Yellen 'surprised' at extent of Europe's negative rates
Federal Reserve Chair Janet Yellen said Thursday she was surprised at how far central banks in Europe have been able to go in reducing short-term interest rates into negative territory.
Speaking hours after Sweden's central bank cut its key interest rate to a new low of -0.5 percent, Yellen said: "I was surprised it was possible to move rates as negative as some countries have done."
Central banks in Europe, including the powerful European Central bank, and the Bank of Japan have taken the extraordinary steps of cutting their base rates into negative territory in recent months to combat deflationary pressures arising from slow growth.
Yellen said in a Senate hearing that the Fed is not planning a similar move even though US inflation remains weak and far below its 2.0 percent target.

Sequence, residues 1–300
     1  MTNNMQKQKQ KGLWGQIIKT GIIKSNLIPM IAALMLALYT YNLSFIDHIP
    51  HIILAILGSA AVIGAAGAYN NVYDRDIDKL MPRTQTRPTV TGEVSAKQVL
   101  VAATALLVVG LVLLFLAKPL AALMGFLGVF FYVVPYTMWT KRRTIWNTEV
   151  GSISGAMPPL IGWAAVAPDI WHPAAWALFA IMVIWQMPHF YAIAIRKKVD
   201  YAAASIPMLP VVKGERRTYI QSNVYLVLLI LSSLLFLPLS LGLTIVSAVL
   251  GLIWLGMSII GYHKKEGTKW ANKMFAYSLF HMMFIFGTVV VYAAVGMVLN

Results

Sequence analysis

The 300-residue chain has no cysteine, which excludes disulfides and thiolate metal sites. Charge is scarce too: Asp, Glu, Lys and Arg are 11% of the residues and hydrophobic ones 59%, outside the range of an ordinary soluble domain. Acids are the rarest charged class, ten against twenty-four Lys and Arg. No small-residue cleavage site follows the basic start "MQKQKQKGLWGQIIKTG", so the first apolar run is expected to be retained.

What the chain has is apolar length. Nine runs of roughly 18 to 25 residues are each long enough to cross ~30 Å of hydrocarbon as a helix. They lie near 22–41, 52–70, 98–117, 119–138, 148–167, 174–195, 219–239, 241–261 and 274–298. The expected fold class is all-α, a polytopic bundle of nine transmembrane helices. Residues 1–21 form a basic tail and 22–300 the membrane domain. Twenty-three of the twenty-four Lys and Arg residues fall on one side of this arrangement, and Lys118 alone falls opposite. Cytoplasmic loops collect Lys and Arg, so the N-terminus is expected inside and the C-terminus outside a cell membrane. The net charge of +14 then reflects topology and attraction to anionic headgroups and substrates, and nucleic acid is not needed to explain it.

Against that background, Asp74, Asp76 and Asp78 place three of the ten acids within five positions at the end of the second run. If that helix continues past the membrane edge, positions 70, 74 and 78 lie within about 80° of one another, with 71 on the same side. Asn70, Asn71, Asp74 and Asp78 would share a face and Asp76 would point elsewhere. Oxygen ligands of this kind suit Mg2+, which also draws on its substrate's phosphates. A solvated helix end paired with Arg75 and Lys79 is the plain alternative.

She noted that the Fed actually raised its federal funds rate in December, for the first time in more than nine years, as the US economy grows moderately.
Despite the rise in market turmoil since then, the Fed is still more biased toward increasing, rather than decreasing, rates, she said.
"A lot has happened since then. Global economic and financial developments impinge on the outlook. We are in the process of evaluating how those developments affect our outlook," she said.
Even so, she added, "I have not thought that a downturn sufficient to cause the next move to be a cut was likely."
Nevertheless, she said when asked if the Fed could consider negative rates: "We are taking a look at them again because we would want to be prepared."
© 2016 AFP